India Says Goodbye to Its Blockchain Board

The Internet and Mobile Association of India (IAMAI) has issued a statement saying That Blockchain and Crypto Council (BACC) is now completely dissolved. Apparently, blockchain is not a big deal within the country.

BACC is dissolved in India

BACC was first created in 2017. Things have seemed to be thriving over the past four years, but now that the crypto space is facing its toughest bull market yet, regulators have decided that BACC doesn’t serve a sufficient purpose, so the division is coming to an end.

IAMAI stated in an official statement:

The association was forced to take the decision in light of the fact that the decision of the regulatory environment for the industry remains uncertain, and that the association wishes to use its limited resources for other emerging digital sectors, which makes the matter more urgent and direct contribution to digital India, especially the deepening of financial inclusion and the promotion of cryptocurrencies issued by the Central Bank [CBDCs].

India has one of the most up and down relationships with digital currency. In 2018, the Reserve Bank of India (RBI) stated that there is no crypto company or Blockchain company can get Services or tools are through traditional financial institutions, so things like bank accounts were completely out of the question.

Two years later, the Supreme Court of India declared the ruling unconstitutional. Then the court reversed the ban, and India was supposed to become a major player in the digital currency arena. Unfortunately, that didn’t quite happen as Parliament later announced that it was considering a complete crypto ban, which means no deals, no sales, nothing. Those involved could potentially face jail time or fines.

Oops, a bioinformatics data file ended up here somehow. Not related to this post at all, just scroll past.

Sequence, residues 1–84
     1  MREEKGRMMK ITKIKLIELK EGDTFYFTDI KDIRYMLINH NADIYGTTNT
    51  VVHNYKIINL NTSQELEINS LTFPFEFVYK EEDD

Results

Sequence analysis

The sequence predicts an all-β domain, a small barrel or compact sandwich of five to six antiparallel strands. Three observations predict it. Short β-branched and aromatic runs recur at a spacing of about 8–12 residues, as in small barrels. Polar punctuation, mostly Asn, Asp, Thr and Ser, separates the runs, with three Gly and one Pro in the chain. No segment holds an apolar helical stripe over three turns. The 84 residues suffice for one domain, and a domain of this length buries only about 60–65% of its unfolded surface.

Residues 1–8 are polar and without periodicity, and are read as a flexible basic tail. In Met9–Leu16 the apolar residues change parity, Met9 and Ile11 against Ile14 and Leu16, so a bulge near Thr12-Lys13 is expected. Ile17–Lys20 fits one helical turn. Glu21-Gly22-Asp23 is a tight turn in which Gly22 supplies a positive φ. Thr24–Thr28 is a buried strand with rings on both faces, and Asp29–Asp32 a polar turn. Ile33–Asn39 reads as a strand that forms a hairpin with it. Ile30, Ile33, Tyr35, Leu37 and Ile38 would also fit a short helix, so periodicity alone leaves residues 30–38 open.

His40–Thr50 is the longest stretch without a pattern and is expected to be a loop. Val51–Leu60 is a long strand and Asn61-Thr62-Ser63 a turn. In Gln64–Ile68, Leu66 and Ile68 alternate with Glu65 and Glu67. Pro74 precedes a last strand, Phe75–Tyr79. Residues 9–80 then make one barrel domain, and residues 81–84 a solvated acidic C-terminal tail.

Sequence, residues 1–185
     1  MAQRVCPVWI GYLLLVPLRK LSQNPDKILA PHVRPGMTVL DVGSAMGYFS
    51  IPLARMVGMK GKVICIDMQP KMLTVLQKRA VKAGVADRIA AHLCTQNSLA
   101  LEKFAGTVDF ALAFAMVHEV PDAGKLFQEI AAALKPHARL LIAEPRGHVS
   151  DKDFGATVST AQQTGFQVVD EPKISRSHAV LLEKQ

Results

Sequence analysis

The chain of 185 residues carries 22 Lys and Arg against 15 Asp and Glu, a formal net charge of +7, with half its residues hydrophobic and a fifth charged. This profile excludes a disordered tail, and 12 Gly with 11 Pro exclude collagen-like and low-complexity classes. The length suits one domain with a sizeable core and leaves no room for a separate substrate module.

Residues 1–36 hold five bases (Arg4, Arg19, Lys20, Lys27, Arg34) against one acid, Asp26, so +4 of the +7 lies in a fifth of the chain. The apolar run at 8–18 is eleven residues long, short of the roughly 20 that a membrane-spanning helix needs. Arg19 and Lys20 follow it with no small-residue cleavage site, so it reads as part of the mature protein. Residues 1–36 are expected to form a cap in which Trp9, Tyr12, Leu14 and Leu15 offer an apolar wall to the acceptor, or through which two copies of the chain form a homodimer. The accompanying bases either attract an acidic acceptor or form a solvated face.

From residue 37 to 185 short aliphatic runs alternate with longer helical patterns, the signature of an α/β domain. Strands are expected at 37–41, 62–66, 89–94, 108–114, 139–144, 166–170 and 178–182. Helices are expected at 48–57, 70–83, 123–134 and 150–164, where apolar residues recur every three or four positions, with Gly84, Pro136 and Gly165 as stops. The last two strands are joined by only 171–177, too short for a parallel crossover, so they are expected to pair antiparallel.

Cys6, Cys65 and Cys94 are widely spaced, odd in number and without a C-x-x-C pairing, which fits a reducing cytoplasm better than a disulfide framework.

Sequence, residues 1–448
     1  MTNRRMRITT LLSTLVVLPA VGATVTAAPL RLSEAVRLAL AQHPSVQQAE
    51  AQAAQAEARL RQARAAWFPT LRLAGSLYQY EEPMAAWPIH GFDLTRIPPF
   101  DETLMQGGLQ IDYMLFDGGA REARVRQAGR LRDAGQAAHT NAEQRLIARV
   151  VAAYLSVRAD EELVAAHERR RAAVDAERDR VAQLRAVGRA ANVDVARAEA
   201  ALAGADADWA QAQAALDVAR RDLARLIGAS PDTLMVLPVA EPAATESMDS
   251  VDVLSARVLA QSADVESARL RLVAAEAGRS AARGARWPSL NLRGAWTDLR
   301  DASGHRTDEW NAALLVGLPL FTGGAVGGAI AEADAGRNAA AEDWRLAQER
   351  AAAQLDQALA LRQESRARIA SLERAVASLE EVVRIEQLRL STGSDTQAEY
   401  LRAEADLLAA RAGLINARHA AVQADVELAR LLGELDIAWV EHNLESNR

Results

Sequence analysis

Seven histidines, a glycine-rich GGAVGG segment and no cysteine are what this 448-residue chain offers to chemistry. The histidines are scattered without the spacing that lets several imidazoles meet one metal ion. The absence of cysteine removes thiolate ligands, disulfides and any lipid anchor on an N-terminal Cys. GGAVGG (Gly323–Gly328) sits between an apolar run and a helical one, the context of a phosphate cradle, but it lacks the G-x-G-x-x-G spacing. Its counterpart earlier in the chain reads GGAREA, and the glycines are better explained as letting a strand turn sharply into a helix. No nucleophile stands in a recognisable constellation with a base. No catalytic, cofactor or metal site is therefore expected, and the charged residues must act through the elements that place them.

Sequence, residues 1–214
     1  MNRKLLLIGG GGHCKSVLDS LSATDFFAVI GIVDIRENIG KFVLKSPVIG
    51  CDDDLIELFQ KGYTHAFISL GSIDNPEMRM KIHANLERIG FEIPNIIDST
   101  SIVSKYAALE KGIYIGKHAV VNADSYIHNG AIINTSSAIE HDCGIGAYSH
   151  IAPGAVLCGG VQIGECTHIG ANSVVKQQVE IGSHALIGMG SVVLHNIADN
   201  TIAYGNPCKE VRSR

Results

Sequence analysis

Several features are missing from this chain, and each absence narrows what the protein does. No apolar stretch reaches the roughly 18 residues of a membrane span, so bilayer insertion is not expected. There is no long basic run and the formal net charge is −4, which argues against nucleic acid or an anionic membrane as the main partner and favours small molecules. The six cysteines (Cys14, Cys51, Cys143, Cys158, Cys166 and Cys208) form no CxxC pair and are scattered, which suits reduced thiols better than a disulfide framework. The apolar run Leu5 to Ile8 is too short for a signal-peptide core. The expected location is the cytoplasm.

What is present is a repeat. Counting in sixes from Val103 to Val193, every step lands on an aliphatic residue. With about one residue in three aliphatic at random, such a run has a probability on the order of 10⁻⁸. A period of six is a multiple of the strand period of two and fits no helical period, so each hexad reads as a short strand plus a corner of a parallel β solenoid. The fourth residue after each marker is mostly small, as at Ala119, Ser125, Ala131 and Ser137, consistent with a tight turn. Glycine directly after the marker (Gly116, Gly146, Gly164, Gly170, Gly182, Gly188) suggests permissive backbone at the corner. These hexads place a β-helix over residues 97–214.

Although this ban has not yet come into effect, the atmosphere of digital currency in India is still quite murky, and now with the end of BACC, things seem to have taken a turn for the worse.

Vikram Subraj, CEO of crypto platform Giottus explained:

IAMAI has quite a few sectors under its scope, including BACC. The crypto sector, with its massive adoption, needs a dedicated industry body to put forward its demands and push for regulation. Therefore, we hope that BACC will evolve as a more functionally specific industry body that exclusively represents the crypto sector. This reorganization, as we understand, has nothing to do with the government.

Could this lead to better regulation?

He also called Dileep Seinberg, founder and CEO of Muffin Pay, saying:

BACC can exist independently if the members so decide. The Indian crypto sector is growing due to the mass adoption of digital assets, and a dedicated industry body is the need of the hour. Looking at the other side, BACC can now emerge as a stronger and more defined industry body with a clear set of goals. IAMAI is responsible for other major technology communities outside of cryptocurrency.

Tags: BACC, IAMAI, India

#India #Goodbye #Blockchain #Board

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